Gallows for the Rapists, OK, but Rape too must die

    The death sentence for the four accused in Nirbhaya rape case meets the expectations of all right thinking people. The sentence of death for four convicts in the December 16 Delhi rape case took nine months in the coming; a long period for what seemed an open-and-shut case. The award of capital punishment to all four accused in the Nirbhaya case does not come as a surprise. The fifth accused, a juvenile, has already been remanded to a juvenile home for a term of three years. Public outrage against the very brutality of the crime had been so overwhelming that only no judge could have imposed a lesser penalty. This is an instance in which public opinion has asserted itself, and rightly so.

    The defense may find fault with the judgment. But the evidence gathered and produced had been so clinical that, with or without media hype and visible public indignation, the verdict could not have been otherwise. The Supreme Court rider of ‘rarest of rare cases’ was more than established by the prosecution, though in the larger public perception there never was any doubt. To be sure, the police, the judiciary, and even the government were under immense pressure to ensure justice. No one could afford a slip-up, and a court has to base its ruling on facts, not emotions. Given the watertight case the investigators built, this was indeed a fast-track trial. No one, after all, would advocate bypassing the due process of the law. The family of the 23-year-old Nirbhaya, who was subjected to brutality that defies narration, has expressed satisfaction at the sentence. Justice, however, is rare for victims of rape or their families; satisfaction, ever rarer.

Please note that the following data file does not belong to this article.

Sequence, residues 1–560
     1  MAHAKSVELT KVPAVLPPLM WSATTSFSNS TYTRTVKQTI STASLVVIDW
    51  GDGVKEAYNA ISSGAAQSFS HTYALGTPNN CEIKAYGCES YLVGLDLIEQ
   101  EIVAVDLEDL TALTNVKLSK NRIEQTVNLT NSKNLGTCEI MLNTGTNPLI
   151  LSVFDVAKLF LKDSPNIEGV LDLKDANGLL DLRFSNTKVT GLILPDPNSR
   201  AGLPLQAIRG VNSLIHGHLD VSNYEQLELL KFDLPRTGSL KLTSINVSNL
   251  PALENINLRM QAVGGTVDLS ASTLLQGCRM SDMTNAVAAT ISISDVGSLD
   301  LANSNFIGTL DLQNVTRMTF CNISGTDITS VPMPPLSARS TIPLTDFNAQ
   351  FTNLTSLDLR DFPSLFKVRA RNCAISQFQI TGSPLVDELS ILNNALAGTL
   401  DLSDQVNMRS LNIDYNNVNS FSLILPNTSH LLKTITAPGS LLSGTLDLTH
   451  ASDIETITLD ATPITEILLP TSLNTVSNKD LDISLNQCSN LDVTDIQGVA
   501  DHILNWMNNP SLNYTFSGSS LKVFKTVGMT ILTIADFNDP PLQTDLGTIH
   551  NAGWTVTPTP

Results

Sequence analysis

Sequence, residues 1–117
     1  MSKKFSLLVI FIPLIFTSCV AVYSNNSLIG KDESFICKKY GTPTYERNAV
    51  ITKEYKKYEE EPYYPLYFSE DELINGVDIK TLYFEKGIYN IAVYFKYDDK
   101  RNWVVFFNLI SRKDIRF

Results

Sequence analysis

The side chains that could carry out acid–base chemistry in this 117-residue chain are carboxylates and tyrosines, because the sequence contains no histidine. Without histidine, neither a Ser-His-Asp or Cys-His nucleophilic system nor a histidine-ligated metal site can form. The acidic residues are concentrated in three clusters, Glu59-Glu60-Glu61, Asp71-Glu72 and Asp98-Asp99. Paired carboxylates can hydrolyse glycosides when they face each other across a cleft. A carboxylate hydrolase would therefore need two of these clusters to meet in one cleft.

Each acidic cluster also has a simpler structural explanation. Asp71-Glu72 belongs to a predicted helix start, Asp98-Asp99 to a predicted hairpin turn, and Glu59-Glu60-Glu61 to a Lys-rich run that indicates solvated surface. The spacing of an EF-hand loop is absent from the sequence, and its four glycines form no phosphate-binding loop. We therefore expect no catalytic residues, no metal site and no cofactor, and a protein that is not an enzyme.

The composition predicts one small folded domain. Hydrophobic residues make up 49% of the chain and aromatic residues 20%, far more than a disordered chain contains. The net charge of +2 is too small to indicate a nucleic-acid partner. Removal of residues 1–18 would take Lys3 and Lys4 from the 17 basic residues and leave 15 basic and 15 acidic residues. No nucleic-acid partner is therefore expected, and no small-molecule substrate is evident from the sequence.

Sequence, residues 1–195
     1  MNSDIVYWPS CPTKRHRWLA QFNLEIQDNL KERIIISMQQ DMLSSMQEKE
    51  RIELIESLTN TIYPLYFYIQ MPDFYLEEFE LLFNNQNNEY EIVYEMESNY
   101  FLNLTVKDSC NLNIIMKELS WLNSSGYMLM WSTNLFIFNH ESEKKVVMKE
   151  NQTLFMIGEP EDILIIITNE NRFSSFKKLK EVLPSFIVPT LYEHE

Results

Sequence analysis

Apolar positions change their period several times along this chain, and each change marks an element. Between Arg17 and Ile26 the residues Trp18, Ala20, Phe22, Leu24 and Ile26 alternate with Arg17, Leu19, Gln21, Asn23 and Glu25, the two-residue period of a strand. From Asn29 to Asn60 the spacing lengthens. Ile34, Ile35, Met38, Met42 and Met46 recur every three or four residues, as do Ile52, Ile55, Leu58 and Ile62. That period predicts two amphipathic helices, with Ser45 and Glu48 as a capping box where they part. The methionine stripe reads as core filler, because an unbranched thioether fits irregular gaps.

In the same court that has pronounced death for the Delhi rape and murder, 20 out of the 23 rape cases heard this year ended in acquittal. In most cases it was because the complainant backed off. Even more than the criminal justice system, society is conditioned to remain silent on crimes against women ‘in their interest’! The December 16 case has served a cause to that extent. It has jolted society, the police, the judiciary, and even the legislature to bring about meaningful changes in the laws and procedures to protect women and children. So that the young life lost is not a complete waste, India has now to move on from the phase of debate to action. The nine months since the horrific night have thrown up an overwhelming range of ideas, including many opposing views. There, however, appears to be no decline in rapes being committed each day. Death is propounded as a deterrent to such heinous crimes. A greater deterrent would be the surety that culprits will be nabbed and sentenced.

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